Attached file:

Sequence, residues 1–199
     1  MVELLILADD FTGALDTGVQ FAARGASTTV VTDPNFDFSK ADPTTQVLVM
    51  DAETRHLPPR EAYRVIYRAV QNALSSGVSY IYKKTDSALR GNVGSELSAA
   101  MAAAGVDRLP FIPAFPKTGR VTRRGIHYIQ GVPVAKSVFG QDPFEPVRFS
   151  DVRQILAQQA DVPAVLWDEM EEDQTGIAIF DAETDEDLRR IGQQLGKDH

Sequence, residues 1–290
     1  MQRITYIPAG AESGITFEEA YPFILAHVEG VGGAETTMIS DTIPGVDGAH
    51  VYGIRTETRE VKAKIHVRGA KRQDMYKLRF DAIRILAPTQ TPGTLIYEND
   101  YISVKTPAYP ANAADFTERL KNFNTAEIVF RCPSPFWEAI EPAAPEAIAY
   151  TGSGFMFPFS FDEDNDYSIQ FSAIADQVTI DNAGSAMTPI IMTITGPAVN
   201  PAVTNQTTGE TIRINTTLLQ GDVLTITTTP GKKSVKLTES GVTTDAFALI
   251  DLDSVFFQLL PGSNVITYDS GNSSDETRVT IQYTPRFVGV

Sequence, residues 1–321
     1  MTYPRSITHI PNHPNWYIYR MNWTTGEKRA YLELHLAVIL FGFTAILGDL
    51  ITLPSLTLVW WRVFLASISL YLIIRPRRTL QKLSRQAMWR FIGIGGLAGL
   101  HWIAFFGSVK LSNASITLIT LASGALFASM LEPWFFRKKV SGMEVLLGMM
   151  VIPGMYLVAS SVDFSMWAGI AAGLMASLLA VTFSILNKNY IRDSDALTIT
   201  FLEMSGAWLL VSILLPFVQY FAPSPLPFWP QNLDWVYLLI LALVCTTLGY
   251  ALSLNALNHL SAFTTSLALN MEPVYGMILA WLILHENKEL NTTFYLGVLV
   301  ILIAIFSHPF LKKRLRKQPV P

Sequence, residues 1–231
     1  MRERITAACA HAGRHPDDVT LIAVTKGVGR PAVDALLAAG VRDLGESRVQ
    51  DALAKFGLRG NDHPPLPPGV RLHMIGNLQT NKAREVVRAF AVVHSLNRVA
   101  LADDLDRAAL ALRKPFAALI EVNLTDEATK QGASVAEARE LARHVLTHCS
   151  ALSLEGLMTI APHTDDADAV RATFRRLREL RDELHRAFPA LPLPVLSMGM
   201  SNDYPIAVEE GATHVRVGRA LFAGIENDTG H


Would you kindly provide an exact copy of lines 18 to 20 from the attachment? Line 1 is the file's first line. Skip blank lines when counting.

   201  FLEMSGAWLL VSILLPFVQY FAPSPLPFWP QNLDWVYLLI LALVCTTLGY
   251  ALSLNALNHL SAFTTSLALN MEPVYGMILA WLILHENKEL NTTFYLGVLV
   301  ILIAIFSHPF LKKRLRKQPV P